The New York Times reports that "cities across California are encouraging residents to tattle on their neighbors for wasting water" — just the kind of behavior that we want our government to cultivate.

Those reluctant to squeal are instead shaming residents they see washing their cars and watering their lawns, and embarrassing anyone suspected of taking long showers.

To help out, water officials in Los Angeles will soon offer hangers that residents can "slip anonymously around the doorknobs of neighbors whose sprinklers are watering the sidewalk."

What a swell way for government to pit neighbors against each other and create conditions that could explode into violence. But then, what should we expect when some officials defend the shaming practice because it's akin to an "education" program?

Even more: "Snitch nation".

There is value in collective self-policing, a feature of health societies that will never and should never disappear entirely. And public shaming has a rich, if lamentable, Western tradition dating back to the stockades. But the rise of an informant culture in America is distinct from self-policing, and many appear to participate in the encouraged practice of informing on others more in service to a base desire to indulge in a little schadenfreude than anything else.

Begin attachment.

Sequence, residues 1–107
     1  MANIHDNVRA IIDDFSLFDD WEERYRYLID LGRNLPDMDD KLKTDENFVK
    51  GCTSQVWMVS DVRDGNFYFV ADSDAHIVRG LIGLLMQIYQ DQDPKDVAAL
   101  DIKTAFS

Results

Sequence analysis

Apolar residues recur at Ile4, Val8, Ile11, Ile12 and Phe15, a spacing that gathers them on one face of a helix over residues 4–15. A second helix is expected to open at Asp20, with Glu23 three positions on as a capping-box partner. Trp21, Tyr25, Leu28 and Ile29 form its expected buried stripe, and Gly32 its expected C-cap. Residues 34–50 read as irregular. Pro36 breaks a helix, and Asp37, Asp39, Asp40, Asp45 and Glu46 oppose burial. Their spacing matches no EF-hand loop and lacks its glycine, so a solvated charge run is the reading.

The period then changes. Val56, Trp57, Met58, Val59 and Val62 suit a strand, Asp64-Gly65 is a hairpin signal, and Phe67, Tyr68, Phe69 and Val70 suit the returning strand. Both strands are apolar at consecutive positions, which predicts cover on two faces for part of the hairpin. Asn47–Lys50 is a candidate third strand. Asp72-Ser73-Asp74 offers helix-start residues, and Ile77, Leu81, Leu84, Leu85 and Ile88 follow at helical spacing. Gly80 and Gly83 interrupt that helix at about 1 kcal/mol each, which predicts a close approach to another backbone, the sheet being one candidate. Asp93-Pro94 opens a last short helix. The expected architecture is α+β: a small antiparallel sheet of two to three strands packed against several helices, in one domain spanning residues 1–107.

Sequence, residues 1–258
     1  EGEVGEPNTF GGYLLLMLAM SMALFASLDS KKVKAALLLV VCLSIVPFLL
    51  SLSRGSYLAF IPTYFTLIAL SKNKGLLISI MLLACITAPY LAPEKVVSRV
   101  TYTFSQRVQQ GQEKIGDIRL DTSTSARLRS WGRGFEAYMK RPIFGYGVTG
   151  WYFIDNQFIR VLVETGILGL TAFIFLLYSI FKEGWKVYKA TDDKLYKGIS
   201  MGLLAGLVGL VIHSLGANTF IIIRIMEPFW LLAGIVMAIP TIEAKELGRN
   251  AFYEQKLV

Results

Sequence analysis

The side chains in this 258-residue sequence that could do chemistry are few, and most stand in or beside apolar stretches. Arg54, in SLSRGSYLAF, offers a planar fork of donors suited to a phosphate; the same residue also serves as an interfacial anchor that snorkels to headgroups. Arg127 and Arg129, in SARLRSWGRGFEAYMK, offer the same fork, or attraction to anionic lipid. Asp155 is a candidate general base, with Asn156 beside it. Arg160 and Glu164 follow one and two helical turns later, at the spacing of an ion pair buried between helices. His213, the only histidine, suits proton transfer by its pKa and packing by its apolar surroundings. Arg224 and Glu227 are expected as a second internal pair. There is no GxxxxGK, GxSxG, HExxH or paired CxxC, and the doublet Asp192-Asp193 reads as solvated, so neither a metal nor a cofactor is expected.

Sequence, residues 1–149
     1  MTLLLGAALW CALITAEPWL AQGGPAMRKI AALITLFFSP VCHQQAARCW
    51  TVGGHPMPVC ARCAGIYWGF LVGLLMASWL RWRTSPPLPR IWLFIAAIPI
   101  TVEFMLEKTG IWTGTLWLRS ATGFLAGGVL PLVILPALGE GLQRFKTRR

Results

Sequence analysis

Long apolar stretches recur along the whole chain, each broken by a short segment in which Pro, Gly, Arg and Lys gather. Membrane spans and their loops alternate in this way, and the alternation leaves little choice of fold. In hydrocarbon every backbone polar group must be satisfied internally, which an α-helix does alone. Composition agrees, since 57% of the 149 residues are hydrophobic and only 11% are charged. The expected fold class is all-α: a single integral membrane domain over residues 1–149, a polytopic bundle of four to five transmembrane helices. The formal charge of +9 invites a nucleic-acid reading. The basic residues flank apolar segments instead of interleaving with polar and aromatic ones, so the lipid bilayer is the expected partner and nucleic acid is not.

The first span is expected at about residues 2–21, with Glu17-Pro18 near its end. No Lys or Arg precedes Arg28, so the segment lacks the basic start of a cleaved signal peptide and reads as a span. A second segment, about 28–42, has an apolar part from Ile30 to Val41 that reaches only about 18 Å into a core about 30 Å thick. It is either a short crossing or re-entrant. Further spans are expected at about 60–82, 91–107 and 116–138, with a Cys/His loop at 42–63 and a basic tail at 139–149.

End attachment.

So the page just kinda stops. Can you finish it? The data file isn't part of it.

"Madness in Madison"

Professor Emeritus of Economics at the Univ. of Wisconsin-Madison, W. Lee Hansen:

The University of Wisconsin adopted its first diversity plan back in 1966 and every few years it launches a much-touted new one. During my 30-year teaching career at Madison, followed by more than a decade of retirement, I have seen not the slightest bit of evidence that the fixation on “diversity” has made the campus better in any respect.

I predict this new Inclusive Excellence plan will fail to produce its hoped-for utopian outcomes. In a few years, the university will hear demands for yet another diversity plan.